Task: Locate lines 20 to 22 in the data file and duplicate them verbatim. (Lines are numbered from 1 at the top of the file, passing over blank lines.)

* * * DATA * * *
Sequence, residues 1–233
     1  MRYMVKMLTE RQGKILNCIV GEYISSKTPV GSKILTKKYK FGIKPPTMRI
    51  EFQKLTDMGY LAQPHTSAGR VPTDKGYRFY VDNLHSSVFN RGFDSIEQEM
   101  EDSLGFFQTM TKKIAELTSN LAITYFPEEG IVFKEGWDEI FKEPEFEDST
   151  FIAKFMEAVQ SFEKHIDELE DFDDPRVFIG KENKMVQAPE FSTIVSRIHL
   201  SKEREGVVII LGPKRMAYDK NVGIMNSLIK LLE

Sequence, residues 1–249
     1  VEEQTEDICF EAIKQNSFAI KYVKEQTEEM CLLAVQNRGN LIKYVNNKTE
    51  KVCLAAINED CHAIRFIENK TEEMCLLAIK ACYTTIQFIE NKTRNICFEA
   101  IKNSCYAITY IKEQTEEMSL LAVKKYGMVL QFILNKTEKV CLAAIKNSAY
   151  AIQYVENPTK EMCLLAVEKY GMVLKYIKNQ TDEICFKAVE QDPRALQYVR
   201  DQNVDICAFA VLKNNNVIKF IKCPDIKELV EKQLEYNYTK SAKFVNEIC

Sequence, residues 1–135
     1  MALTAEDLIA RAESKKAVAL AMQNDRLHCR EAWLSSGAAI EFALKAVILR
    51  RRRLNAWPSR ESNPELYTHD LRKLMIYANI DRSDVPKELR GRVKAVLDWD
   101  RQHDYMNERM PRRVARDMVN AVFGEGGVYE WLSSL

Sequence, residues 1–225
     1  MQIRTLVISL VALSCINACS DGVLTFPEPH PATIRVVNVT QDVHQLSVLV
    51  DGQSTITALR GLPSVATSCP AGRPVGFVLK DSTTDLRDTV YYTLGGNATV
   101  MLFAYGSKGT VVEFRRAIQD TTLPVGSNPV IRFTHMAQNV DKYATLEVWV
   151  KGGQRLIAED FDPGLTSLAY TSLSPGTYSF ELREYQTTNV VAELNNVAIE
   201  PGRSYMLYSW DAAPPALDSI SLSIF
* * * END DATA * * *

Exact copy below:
   101  MLFAYGSKGT VVEFRRAIQD TTLPVGSNPV IRFTHMAQNV DKYATLEVWV
   151  KGGQRLIAED FDPGLTSLAY TSLSPGTYSF ELREYQTTNV VAELNNVAIE
   201  PGRSYMLYSW DAAPPALDSI SLSIF